In November 2020, Rano Makarenko sent me information about some Chinese cats known as Chengge mao. The variety lives in Chengge and the breeder selects them for mouse-catching and is not at all interested in genetics questions. Originally, the Chengge mao was white with a coloured tail, symbolic of good mood and richness because of a resemblance to a rice bowl with chopsticks (Van pattern without head markings). Then the cats started producing blue eyed cats from the white cats with coloured tails.
Blue-eyed solid colour cats (often red-colour cats) are known to be bred and sold in part of China, but there is no control over the breeding and the gene(s) involved are unidentified. One breeder reported a hgh mortality rate with 50% of kittens from his blue-eyed red ticked female mated to a blue-eyed red classic tabby male being solid white and stillborn/dying at birth. Though there could be various reasons for this, there is a possibility of 2 incompatible blue-eye genes being bred together. Breeding the blue-eyed red-ticked female to an unrelated normal-eyed cat and then breeding a male offspring back to the red-ticked female would produce kittens with only one blue eyed mutation (and could also show if the stillbirths were due to a reproductive issue with the female herself.)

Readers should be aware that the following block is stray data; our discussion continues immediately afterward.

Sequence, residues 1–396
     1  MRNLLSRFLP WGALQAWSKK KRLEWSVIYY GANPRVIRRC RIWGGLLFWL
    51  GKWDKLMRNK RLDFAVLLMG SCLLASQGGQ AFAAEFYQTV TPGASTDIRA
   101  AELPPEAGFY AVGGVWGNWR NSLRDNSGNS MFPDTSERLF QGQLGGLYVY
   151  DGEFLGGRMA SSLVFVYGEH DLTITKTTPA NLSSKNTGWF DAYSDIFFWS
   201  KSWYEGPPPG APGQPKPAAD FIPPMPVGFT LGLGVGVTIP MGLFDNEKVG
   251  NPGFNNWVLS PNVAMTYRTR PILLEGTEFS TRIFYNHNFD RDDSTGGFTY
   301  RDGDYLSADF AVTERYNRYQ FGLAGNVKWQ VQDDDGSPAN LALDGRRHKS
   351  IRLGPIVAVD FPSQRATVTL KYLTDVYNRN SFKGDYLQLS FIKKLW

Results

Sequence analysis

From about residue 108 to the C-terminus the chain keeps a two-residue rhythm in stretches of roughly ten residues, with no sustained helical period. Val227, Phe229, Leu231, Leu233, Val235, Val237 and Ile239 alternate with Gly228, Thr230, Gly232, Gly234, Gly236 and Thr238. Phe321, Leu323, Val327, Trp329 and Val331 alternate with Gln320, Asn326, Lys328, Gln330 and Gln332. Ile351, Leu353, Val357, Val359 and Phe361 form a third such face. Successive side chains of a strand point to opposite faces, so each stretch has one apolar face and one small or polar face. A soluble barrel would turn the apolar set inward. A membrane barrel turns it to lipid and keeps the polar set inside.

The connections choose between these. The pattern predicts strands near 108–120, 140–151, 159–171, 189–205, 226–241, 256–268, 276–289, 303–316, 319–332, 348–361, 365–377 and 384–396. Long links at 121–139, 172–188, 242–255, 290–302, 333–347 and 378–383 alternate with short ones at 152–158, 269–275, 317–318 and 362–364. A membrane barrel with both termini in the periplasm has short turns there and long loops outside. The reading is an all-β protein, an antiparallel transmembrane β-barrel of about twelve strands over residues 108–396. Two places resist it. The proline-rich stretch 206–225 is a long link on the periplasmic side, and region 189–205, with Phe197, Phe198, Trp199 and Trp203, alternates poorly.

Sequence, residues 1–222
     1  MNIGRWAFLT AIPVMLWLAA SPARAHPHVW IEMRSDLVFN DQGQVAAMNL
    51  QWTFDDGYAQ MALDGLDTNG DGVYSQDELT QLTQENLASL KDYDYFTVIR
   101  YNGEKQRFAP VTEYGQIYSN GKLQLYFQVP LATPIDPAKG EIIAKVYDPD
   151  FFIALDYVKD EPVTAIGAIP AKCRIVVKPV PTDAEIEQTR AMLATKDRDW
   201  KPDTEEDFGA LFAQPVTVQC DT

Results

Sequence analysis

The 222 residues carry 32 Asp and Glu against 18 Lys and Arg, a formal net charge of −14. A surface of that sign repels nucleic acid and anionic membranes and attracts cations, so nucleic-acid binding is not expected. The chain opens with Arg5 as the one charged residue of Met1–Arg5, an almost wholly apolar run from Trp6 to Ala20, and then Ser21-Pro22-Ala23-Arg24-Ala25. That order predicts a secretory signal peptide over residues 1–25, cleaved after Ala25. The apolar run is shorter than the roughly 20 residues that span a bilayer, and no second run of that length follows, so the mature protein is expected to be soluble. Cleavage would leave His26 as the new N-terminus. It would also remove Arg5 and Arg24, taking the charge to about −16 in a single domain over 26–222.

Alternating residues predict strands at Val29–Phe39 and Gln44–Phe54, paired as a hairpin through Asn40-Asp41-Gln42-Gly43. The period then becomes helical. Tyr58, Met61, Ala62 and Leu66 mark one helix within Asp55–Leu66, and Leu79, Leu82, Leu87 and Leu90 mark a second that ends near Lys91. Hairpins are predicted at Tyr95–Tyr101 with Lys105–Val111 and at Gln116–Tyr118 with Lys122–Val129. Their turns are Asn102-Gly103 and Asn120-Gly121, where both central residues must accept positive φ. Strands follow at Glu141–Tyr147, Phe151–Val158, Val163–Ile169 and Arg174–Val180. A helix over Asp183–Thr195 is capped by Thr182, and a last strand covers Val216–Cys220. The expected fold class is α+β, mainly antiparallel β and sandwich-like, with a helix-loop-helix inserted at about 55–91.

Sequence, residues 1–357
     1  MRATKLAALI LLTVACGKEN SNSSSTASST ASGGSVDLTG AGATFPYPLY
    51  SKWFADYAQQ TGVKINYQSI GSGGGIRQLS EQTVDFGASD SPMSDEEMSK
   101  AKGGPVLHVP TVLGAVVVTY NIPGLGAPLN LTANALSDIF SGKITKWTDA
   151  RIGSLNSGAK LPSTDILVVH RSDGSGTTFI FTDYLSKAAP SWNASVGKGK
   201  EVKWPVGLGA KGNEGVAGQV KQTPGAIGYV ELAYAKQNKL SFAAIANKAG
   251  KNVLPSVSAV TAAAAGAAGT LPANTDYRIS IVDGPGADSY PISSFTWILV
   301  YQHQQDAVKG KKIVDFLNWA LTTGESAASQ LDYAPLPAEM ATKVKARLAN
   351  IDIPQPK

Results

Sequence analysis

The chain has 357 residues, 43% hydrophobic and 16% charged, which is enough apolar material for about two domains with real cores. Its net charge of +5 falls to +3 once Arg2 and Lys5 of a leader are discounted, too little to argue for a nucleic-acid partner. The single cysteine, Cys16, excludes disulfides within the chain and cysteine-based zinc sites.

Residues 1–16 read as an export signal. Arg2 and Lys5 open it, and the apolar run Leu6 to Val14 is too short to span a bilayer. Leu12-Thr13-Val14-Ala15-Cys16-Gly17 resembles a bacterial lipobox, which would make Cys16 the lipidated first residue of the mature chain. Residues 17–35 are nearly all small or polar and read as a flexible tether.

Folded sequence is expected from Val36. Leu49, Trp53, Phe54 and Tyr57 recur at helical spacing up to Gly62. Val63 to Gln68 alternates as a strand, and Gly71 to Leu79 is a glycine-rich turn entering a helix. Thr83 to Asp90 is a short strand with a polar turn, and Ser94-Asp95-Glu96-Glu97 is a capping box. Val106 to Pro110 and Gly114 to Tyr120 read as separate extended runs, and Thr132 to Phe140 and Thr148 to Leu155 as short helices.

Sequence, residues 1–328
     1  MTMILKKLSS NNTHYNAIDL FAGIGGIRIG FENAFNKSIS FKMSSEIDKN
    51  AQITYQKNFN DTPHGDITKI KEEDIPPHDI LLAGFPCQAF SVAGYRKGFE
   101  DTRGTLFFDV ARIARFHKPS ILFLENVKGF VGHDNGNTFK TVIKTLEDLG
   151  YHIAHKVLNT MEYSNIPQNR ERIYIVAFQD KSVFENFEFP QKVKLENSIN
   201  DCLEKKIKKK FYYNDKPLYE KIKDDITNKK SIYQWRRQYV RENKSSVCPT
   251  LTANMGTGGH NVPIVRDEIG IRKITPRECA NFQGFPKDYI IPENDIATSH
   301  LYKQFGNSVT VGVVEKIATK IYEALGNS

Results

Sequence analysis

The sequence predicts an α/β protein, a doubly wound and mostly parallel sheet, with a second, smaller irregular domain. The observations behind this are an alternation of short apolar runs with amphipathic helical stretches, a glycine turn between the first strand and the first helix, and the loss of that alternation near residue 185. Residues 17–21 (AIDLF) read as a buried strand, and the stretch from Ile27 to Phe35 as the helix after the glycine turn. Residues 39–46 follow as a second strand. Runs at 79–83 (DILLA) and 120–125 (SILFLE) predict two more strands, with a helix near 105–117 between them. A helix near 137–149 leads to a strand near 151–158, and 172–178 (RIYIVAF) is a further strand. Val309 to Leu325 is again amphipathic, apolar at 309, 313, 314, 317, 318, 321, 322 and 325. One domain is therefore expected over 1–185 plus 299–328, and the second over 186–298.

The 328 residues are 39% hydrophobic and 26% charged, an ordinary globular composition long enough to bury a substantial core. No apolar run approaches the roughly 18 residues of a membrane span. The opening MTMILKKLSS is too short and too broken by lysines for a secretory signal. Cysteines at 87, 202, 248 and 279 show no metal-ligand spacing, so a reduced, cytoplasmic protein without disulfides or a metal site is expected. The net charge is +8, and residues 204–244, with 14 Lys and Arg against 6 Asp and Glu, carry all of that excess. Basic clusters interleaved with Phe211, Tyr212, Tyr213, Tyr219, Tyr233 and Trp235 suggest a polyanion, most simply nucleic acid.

This is a blue-eyed breed being developed in Australia by crossing the bobtailed, curl-eared Highland Lynx (TICA name "Highlander") and Altai Maine Coon (a Australian developmental form of European-style Maine Coon with dominant blue eyes). It is a strongly-built, muscular cat with large, loosely curled ears with lynx-tufts. The loose curl of the ears is found in cats heterozygous for the curl gene. The paws may be polydactyl and the tail may be long, or any length of bobtail. It has a broad, strong muzzle and wide-set oval eyes. Both longhair and shorthair forms are bred. Only the black-based colours are accepted and may be solid, tabby or silver/smoke. White spotting is undesirable, but may be unavoidable. In order to maintain the desired conformation, it can only be outcrossed to the Maine Coon (European style).
The photos have been provided by Jake Macmillan and the breed is currently (2021) registered with REFR. The Altai Maine Coon is accepted in Australi as a developmental breed.
OTHER BLUE-EYED CATS & HISTORICAL REPORTS
The blue-eyed trait turns up surprisingly often in random-breeding cats. A grey bicolour (tuxedo pattern) cat with intense sapphire blue eyes was found on a country road in Windellama, New South Wales, Australia by A M Schnieder. Since the Ojos Azules has not been imported into Australia, this represents a spontaneous mutation among the feral population. Whether it is the same as the American Ojos Azules mutation is not known.
Below: silver tabby female feral cat, black-and-white male, red tabby (with white bib) male, red tabby longhair male, odd-eyed tortie, black-and-white male.